Although ocean acidification spans the world, there are several solutions to manage some of ocean acidification’s impact locally. While a panel of scientists found that local actions cannot halt ocean acidification, the panel did find that local actions can prevent exacerbating ocean acidification in local ecosystems. Local actions may be able to enhance the ability of ecosystems and organisms to cope with ocean acidification. Because organisms and the food web’s responses to ocean acidification are complex, more research is needed to inform coastal stakeholders to manage and to slow its consequences (Chan, 2016).

Two possible approaches can reduce ocean acidification’s impacts: (1) biologically-based and (2) abiotic methods to mitigate ocean acidification exposure. For the biologically-based approach, seagrasses, kelp, and other macrophytes can be used to remove CO2 from the water and may be a means to locally reduce CO2 in shallow coastal environments. As for the abiotic approach, the methods would increase alkalinity of seawater or physically remove CO2. Either synthetic chemicals or natural base minerals could be added to the ocean to increase alkalinity. Engineered approaches that can remove seawater include “electrochemistry, electrodialysis, vacuum extraction, and aeration with a CO2-depleted gas” (Chan, 2016, p. 24).

What are actions that can be taken now?

Because of its complexity in cause and effects, more research about ocean acidification is needed to determine costs and benefits and its effects on marine ecosystems (Chan, 2016; NOAA, n.d.). Opportunities exist to develop and to implement better controls on nutrient and organic matter pollution that flow from land into coastal waters. These chemicals nourish algae and bacteria, which in turn trigger a process that reduces oxygen in seawater called hypoxia and thus exacerbate ocean acidification. But these controls must be informed by sound science (Chan, 2016).

Other actions that can be taken are developing water quality standards that reflect current knowledge instead of being based on outdated science from 40 years ago, using demonstration projects to determine which locations are optimal for implementing CO2 removal strategies, supporting research relevant to management options, and reducing co-occurring stressors on ecosystems. Local actors can also create better monitoring that is more comprehensive and includes physical oceanographic, chemical, and biological variable and indices. Finally, local actions and research will have more impact when coordinated (Chan, 2016).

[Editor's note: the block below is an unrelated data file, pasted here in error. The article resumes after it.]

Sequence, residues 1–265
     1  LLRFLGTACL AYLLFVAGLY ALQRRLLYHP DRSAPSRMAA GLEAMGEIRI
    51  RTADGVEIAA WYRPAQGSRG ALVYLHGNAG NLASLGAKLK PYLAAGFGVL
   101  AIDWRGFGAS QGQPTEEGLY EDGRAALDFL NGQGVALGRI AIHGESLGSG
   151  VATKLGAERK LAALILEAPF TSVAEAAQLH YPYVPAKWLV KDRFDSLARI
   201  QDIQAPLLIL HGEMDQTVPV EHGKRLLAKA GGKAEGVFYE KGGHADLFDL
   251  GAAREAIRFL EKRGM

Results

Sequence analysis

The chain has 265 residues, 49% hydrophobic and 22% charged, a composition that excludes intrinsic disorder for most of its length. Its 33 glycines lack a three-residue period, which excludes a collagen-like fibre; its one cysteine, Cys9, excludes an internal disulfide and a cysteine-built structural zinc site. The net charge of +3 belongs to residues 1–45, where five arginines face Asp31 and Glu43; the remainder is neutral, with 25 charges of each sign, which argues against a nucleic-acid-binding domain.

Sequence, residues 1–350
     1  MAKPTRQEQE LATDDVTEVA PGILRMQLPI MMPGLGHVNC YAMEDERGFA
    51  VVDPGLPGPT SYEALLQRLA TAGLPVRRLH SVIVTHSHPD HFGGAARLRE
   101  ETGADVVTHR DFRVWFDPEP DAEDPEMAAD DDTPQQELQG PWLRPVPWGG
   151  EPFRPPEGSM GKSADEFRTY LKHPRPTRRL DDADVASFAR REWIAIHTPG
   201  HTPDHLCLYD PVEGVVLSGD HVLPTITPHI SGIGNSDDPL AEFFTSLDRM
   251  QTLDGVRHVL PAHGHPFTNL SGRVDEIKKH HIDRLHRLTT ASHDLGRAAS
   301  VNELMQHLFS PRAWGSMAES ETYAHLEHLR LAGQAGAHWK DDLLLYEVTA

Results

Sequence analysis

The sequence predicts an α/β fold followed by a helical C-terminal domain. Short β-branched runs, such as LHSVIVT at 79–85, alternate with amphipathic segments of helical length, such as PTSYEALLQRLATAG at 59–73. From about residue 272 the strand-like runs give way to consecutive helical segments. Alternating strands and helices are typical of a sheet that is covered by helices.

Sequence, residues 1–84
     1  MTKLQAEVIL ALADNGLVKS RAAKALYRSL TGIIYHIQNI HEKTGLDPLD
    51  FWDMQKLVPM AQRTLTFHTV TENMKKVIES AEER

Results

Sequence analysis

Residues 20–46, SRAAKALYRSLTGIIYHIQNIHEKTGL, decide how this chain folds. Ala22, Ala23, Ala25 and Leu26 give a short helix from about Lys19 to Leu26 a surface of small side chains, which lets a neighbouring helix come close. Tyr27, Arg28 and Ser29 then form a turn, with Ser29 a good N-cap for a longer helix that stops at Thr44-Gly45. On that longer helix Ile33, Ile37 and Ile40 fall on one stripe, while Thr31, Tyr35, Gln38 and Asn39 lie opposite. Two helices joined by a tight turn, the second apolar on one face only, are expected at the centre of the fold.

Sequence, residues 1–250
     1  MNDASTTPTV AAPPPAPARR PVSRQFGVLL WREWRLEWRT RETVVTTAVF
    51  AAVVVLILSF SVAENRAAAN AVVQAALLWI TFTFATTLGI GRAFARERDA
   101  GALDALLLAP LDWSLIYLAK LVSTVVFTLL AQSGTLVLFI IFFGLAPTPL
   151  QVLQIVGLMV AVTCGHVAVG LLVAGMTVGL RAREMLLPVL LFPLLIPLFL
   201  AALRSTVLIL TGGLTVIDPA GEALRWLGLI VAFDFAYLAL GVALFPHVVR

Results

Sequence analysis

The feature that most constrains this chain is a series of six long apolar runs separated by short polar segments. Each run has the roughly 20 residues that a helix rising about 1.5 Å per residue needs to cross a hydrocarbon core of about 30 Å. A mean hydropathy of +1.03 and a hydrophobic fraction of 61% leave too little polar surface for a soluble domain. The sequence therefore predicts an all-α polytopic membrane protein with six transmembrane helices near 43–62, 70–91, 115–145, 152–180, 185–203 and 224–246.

Chan, F., Boehm, A.B., Barth, J.A., Chornesky, E.A., Dickson, A.G., Feely, R.A., Hales, B., et. al. (2016, April). The west coast ocean acidification and hypoxia science panel: Major findings, recommendations, and actions. Retrieved from http://westcoastoah.org/wp-content/uploads/2016/04/OAH-Panel-Key-Findings-Recommendations-and-Actions-4.4.16-FINAL.pdf

National Oceanic and Atmospheric Administration (NOAA). (n.d.). What is Ocean Acidification? Retrieved from http://www.pmel.noaa.gov/co2/story/What+is+Ocean+Acidification%3F

NOAA Fisheries West Coast Region. (2017, January 12). Ocean acidification to hit west coast dungeness crab fishery, new assessment shows analysis projects economic impacts of ocean acidification on key west coast fisheries. ScienceDaily. Retrieved from https://www.sciencedaily.com/releases/2017/01/170112141320.htm

Stiasny, M.H., Mittermayer, F.H., Sswat, M., Voss, R., Jutfelt, F., Chierici, M., Puvanendran, V., et. al. (2016, August 23). Ocean acidification effects on Atlantic cod larval survival and recruitment to the fished population. PLoS ONE 11(8): e0155448. doi:10.1371/journal.pone.0155448.

University of Plymouth. (2017, January 9). Landmark global scale study reveals potential future impact of ocean acidification: International research teams takes integrative approach to analysing impact of acidic water on marine snails. ScienceDaily. Retrieved from https://www.sciencedaily.com/releases/2017/01/170109102439.htm